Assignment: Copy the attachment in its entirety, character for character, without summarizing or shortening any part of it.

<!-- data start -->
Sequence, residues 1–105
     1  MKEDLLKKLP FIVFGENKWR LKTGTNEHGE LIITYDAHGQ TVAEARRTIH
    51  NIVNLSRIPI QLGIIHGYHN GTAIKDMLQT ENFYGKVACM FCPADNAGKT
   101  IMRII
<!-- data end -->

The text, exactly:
Sequence, residues 1–105
     1  MKEDLLKKLP FIVFGENKWR LKTGTNEHGE LIITYDAHGQ TVAEARRTIH
    51  NIVNLSRIPI QLGIIHGYHN GTAIKDMLQT ENFYGKVACM FCPADNAGKT
   101  IMRII